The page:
Seldom do we find good reporting. And sadly most of the people who can make changes are not bothered or are ignoramuses. Whatever be the case, its taking the toll in the state.

Brijesh said...

@Kerala Farmer – It is high time that we change the Insecticide act. The developed countries no longer uses most of these chemicals any more. Also thanks for sending the link of this blog to most of the newspapers/ TV channels

@Anand – now due to Pepsi/Coke ban the quality of drinking water has become an issue. Two years back when I did that analysis such for curiosity if I have told some one no one should have cared for. When a big disaster takes place involving drinking water, then media and politicians will start focusing on quality of drinking water. I don’t think media/politicians know that “Prevention is better than cure”.

Due to unplanned use of water majority of our water shed is polluted. In US the contamination we see now in the groundwater is due to the spill that occurred more than 2 decades earlier. So in Kerala/ India in the name of modernization we have over exploited the mother nature. We or our future generation will face the music of this exploitation.

@flash – Kerala Farmer has forwarded the link of this article to popular newspapers and TV in Kerala.
We don’t have a good drainage system even in the so called “metro” cities. What is happening now? The diseases like chikungunya is happening. You wont see DYFI/SFI or UDF people helping these people. Politicians just want political issues to win vote. They don’t care about people.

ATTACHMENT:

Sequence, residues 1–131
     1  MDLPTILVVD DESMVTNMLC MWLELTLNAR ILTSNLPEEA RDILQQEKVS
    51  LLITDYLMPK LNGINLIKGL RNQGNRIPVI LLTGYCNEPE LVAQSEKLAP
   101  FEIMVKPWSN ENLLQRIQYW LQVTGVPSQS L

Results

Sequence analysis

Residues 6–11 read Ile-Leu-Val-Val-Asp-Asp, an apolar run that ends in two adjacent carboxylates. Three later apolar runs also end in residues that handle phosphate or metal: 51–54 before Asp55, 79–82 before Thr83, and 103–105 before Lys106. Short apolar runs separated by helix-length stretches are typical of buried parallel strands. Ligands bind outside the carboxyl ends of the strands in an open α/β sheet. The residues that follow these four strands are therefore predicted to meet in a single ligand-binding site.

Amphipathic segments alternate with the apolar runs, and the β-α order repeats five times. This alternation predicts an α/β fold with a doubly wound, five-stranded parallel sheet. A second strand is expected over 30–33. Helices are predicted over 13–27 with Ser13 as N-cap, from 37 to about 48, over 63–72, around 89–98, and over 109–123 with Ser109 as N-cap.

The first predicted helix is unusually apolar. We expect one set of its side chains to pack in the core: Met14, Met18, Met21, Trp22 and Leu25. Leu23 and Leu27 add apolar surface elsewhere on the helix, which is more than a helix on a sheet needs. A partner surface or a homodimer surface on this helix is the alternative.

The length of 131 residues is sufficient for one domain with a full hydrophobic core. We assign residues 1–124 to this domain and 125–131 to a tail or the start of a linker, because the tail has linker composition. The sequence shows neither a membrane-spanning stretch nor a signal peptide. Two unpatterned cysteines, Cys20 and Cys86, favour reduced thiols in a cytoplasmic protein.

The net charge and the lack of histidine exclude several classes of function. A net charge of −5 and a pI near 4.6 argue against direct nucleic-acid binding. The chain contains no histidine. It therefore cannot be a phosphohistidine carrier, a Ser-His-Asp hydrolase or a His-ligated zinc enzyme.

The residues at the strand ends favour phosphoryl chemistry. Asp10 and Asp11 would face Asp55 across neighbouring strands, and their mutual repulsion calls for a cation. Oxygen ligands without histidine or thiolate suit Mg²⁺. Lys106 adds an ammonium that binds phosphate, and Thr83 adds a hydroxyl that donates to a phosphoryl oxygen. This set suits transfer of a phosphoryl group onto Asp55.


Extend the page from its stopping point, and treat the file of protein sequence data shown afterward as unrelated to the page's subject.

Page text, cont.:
@Alex – you brought out a valid point. In Kerala we see one of the most biased media (In fact that is the case in most part of the world). take the case of popular Malayalam newspapers other than those run by any political parties. Mathrubhoomi- if you read that continuously you may think that MP Veerendra kumar is the greates writer in the whole world and he may get a Nobel Prize for Literature soon. If we read Kerala Kaumudi – the paper depicts the abkari Vellapalli Natesan as the incarnation of Sree Narayana Guru. Manorama seems to think that they are the guardians of all Christians in Central Kerala. In short the media in Kerla have there on agenda and business interest. They need more business and they could see each and every news as a tool to enhance the business.

So Alex- I don’t feel good reporting and Malayalam media won’t go hand in hand.

alex said...

Yeah you are absolutely right!

AJITH said...

Give this article to some newspaper if they are willing to publish it.. Probably contacting a neutral paper like 'The Hindu' or Kerala Kaumudi would do..

abhishek said...
This comment has been removed by a blog administrator.
abhishek said...